Gov. Mark Dayton is scheduled to release his budget proposal on Tuesday, and his key advisers are suggesting that the plan will mark a cultural change in Minnesota government.
But Dayton, who has not been shy about calling for higher taxes, will be laying out an agenda that could put him in a politically dicey position.
Throughout 2012, Dayton asked voters to give him a DFL Legislature. On Election Night, the voters did so, and now he will have to deliver results.
His budget plan and the public's reaction to it could be a major factor in whether voters decide to re-elect him in 2014.
Dayton has been out of public view for the past three weeks as he recovers from back surgery, which means that information about his budget plan has come from his top advisers. And they have not been hesitatant about defining the stakes.
"We really see this as 'Minnesota's moment,'" said Bob Hume, Dayton's deputy chief of staff. "Minnesota's fiscal house has been torn down to its foundation."
Hume recently told a group of nonprofit professionals that there will be spending increases in some areas of the budget.
"As we go into this budget on [Jan.] 22nd, when the governor launches his budget," Hume said, "it's going to be a real and new and significant step to building that back."
Hume and others were not saying how much Dayton wants to spend. Minnesota faces a $1.1 billion projected budget deficit. Dayton has also committed to paying back a school funding delay, and he wants to lower property taxes and spend more money on schools.
His staff did not indicate how he intends to pay for those priorities except to say that an income tax increase on top earners will be part of the plan.
Chief of Staff Tina Smith said the governor will explain why he thinks the tax hikes are needed.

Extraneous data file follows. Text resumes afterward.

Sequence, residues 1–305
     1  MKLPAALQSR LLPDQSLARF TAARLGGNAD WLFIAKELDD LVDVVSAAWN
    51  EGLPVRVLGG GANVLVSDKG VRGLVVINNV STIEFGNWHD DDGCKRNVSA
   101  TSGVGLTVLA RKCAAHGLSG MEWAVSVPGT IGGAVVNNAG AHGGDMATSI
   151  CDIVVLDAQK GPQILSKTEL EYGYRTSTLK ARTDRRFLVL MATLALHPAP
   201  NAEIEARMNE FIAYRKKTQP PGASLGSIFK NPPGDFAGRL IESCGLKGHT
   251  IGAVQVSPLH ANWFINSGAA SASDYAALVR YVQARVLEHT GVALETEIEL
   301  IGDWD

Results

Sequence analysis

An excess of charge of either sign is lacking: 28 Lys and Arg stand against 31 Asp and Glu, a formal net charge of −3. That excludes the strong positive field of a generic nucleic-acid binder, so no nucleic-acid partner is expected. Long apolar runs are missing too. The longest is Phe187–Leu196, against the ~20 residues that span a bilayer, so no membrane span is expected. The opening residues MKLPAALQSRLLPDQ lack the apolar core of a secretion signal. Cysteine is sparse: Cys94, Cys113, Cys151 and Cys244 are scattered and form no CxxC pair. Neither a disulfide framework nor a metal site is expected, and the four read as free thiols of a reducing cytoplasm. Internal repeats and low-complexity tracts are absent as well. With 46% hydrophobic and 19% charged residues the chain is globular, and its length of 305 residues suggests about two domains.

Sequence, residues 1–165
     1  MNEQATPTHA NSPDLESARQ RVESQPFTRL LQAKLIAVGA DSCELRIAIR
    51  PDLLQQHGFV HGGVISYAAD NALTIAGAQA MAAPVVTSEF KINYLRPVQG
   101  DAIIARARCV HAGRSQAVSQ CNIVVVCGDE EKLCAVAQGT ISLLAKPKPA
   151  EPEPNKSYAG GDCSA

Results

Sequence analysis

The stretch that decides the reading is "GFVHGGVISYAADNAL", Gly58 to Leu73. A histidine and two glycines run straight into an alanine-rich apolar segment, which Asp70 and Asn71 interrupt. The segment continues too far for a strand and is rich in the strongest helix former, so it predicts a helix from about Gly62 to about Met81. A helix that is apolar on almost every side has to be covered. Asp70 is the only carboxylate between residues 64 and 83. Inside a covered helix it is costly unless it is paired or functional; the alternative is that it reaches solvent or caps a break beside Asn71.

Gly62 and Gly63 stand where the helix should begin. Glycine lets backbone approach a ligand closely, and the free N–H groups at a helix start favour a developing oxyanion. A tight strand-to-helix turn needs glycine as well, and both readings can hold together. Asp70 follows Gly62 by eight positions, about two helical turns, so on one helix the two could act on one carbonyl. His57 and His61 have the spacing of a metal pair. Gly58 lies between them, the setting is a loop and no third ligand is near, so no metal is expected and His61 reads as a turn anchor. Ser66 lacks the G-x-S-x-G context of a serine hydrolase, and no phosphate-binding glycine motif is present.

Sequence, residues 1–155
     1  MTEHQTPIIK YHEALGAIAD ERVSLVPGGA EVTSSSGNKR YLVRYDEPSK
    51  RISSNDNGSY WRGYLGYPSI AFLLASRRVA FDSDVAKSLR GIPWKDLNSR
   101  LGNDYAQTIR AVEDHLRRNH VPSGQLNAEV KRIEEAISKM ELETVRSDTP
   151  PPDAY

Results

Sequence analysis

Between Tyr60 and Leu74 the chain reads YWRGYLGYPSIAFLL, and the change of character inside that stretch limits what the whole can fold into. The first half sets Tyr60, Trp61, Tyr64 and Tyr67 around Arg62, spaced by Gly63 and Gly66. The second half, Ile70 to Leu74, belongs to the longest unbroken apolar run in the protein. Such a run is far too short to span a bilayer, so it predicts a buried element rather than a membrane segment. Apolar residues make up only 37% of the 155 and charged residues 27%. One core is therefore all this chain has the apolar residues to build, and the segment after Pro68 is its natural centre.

"We're really focused on how much it costs to buy what we think Minnesotans expect and deserve from their state government," she said.
For Dayton the political gamble is huge. His commitment to raising income taxes is already known, but his plan is also likely to change the tax code in way that could hit a broader swath of Minnesotans. Cigarette taxes, sales taxes on clothing and services, and cuts to the corporate income tax are all possibilities.
Smith and others say Dayton intends to show what new spending could deliver, like early childhood education, for example.
"The whole thing has to hang together as a package," Smith said. "You can pick something apart until there's nothing left and that won't work. It all has to hang together. You have to have the spending you need to have in order to move the state forward and then pay for it."
Dayton and other DFL legislative leaders say their budget will not rely on gimmicks used in the past, like one-time money and accounting tricks. Dayton and the Legislature relied on tools like that to end a government shutdown two years ago. Then, the governor had to fight with majority Republicans to get part of his agenda enacted.
Now that his fellow Democrats are in control, he has to worry that his entire plan might become law -- and the public dislikes it.
Republicans in the Legislature, like Sen. Julianne Ortman of Chanhassen, were already painting Dayton and DFL leaders as tax-and-spenders.
"We should be a lot more conservative and a lot more fiscally disciplined," Ortman said. "It has paid off so far, so I'm not sure why we need to take this great big veer off the course of fiscal discipline into indiscriminate spending."
DFL legislative leaders were already lining up behind Dayton's push for more revenue. They hope the public's thirst for a cooperative tone at the state Capitol will outweigh concerns over taxes and spending.
But even some Democrats were worried.
"I do feel pressure," said DFL Rep. Ann Lenczewski of Bloomington, chairwoman of the House Taxes Committee. "And I caution folks on the overreach because we all think we know what the election is about, every single legislator. What I heard is there were very few people who said, 'Elect me and I will cut everything' and there were very few people who said, 'Elect me and I will simply raise taxes and I will not cut a dime.'"
Dayton and his staff say there will be spending cuts in the budget but add that the state has already experieced lots of cuts over the last decade. They are gambling that voters are ready to move in a new direction, and they will find out if their bet pays off in November 2014.
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